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Edward W. Bok. In the background are, from left to right, Senators George H. Moses, James Reed, and T. H. Caraway. Courtesy of the Library of Congress (LC-USZ62-103937).

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Bok, Edward William (09 October 1863–09 January 1930), editor, philanthropist, and peace advocate, was born in den Helder, Holland, the son of William John Hidde Bok and Sieke Gertrude van Herwerden, who, having lost their inherited fortune through unwise investments, immigrated to the United States in 1870. They settled in Brooklyn, where Bok and his older brother learned English in public school. With his father at first unable to find steady employment, Bok delivered newspapers, worked in a bakery, and wrote up childrens’ parties for the ...

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Hecht, George Joseph (01 November 1895–23 April 1980), publisher and philanthropist, was born in New York City, the son of Meyer Hecht and Gella Stern. He attended the Ethical Culture School from 1902 until he graduated in 1913, when he entered Cornell University. Hecht’s early schooling along with his parents’ interest in social welfare helped him develop his lifelong interest in helping others. It was at Cornell that he discovered his talent for publishing. He helped change the ...

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Straight, Dorothy Payne Whitney (23 January 1887–13 December 1968), publisher, educator, and philanthropist, was born in Washington, D.C., the daughter of Flora Payne and William C. Whitney, then secretary of the navy. Her father had added a fortune made in urban railways to his wife’s dowry and with other socially prominent New Yorkers founded the Metropolitan Opera. Dorothy therefore enjoyed a materially and culturally rich childhood, whose comfort was marred by the death of her mother when Dorothy was six and of her father when she was seventeen. She then came into her own fortune and the temporary custody of her brother ...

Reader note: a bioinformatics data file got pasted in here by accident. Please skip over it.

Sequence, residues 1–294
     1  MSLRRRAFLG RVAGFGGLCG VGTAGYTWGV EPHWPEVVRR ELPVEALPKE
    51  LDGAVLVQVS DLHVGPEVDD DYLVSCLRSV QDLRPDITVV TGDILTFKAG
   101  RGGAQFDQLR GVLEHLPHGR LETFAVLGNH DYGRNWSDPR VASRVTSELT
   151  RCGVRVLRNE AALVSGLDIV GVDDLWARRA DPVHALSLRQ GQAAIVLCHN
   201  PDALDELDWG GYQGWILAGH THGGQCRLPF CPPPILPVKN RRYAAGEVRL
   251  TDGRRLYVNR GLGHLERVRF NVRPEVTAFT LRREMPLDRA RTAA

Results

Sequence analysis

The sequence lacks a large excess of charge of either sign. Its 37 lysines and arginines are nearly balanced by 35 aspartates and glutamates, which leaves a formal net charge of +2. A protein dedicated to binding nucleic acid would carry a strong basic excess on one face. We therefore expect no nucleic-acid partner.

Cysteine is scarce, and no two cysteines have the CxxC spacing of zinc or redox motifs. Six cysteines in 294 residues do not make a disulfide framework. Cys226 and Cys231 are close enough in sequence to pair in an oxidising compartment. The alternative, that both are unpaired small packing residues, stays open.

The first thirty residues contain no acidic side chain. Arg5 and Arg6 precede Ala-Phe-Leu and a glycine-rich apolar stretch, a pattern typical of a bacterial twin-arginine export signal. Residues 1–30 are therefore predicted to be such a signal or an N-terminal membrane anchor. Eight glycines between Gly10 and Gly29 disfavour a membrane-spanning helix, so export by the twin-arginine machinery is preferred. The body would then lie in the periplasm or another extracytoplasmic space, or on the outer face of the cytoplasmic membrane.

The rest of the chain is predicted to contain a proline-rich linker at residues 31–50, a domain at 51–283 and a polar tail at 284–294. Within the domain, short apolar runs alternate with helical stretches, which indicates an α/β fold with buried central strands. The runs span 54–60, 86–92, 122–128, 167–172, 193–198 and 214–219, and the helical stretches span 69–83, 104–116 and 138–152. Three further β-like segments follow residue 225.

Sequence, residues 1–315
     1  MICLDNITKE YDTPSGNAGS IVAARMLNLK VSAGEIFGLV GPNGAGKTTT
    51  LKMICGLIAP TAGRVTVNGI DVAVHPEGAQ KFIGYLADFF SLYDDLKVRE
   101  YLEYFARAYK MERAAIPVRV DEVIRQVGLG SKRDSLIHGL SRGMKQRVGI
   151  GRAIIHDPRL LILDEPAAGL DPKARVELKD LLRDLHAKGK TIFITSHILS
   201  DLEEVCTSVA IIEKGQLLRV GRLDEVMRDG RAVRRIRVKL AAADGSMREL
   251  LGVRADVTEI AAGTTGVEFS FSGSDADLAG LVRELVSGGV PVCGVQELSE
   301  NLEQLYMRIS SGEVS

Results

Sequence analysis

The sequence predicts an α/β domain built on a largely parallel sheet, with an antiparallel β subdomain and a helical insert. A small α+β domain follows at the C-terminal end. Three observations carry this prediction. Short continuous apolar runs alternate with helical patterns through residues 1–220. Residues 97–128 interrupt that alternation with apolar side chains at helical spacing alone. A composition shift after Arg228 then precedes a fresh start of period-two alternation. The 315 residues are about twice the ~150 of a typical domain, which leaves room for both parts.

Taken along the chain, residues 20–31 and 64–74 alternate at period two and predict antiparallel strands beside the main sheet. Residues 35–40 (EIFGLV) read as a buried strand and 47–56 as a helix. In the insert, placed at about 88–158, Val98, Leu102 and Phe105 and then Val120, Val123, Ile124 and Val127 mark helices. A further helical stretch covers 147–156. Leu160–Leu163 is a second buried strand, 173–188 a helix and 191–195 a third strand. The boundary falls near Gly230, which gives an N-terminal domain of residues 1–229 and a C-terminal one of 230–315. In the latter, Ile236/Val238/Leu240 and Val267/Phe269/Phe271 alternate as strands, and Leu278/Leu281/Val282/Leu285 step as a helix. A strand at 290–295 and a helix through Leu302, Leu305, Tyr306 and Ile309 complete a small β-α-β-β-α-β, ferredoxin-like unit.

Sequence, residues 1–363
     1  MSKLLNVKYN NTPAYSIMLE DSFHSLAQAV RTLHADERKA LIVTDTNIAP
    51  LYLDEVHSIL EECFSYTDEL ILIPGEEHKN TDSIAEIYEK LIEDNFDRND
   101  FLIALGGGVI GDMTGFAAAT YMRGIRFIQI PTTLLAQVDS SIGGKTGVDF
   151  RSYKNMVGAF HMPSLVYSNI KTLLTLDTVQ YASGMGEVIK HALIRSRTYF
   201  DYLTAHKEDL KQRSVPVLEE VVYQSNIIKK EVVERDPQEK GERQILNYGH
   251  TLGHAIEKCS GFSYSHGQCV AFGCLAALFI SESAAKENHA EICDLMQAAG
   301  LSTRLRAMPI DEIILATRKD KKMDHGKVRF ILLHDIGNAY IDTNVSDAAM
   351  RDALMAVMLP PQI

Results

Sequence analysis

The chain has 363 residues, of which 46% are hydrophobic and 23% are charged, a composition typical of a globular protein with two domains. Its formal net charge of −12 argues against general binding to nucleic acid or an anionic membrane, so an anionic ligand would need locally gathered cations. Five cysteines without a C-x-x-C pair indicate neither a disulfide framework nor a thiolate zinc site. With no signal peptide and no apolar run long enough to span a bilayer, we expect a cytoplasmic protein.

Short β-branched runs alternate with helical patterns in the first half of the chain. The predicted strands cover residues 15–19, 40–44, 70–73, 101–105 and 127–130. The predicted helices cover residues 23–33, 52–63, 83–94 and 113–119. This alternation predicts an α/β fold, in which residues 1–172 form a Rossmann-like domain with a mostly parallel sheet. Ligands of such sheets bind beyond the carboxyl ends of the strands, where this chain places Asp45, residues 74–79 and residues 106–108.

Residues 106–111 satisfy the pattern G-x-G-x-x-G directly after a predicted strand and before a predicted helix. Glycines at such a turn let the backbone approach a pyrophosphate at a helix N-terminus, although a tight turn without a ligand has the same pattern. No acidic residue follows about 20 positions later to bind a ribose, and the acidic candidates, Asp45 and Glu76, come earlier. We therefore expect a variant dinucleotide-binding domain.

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Wallace, DeWitt (12 November 1889–30 March 1981), editor and publisher, was born William Roy (or Roy William) DeWitt Wallace in St. Paul, Minnesota, the son of James T. Wallace, an educator, and Janet Davis. DeWitt’s high marks enabled him to skip two grades in elementary school, but his academic achievements after that were spotty. In high school, he was better known for pranks and athletic skills. Wallace enrolled at Macalester College, a Presbyterian institution where his father was president. After his sophomore year he took a job at a bank in Colorado. In his spare time, he read widely in current publications and formed a habit of making notes on articles he found most appealing and on his own ideas. He then returned to school at the University of California, Berkeley. During a visit to Tacoma, Washington, a friend introduced him to Canadian-born Lila Bell Acheson, who later became his wife and business partner....

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Wallace, Lila Bell Acheson (25 December 1889–08 May 1984), cofounder and co-owner of the Reader's Digest and philanthropist, cofounder and co-owner of the Reader’s Digest and philanthropist, was born in Virden, Manitoba, Canada, the daughter of T. Davis Acheson and Mary E. Huston. After Lila’s father completed his theological studies and became a Presbyterian minister, the family moved to the United States and became U.S. citizens. They lived in various small towns in the Midwest and West....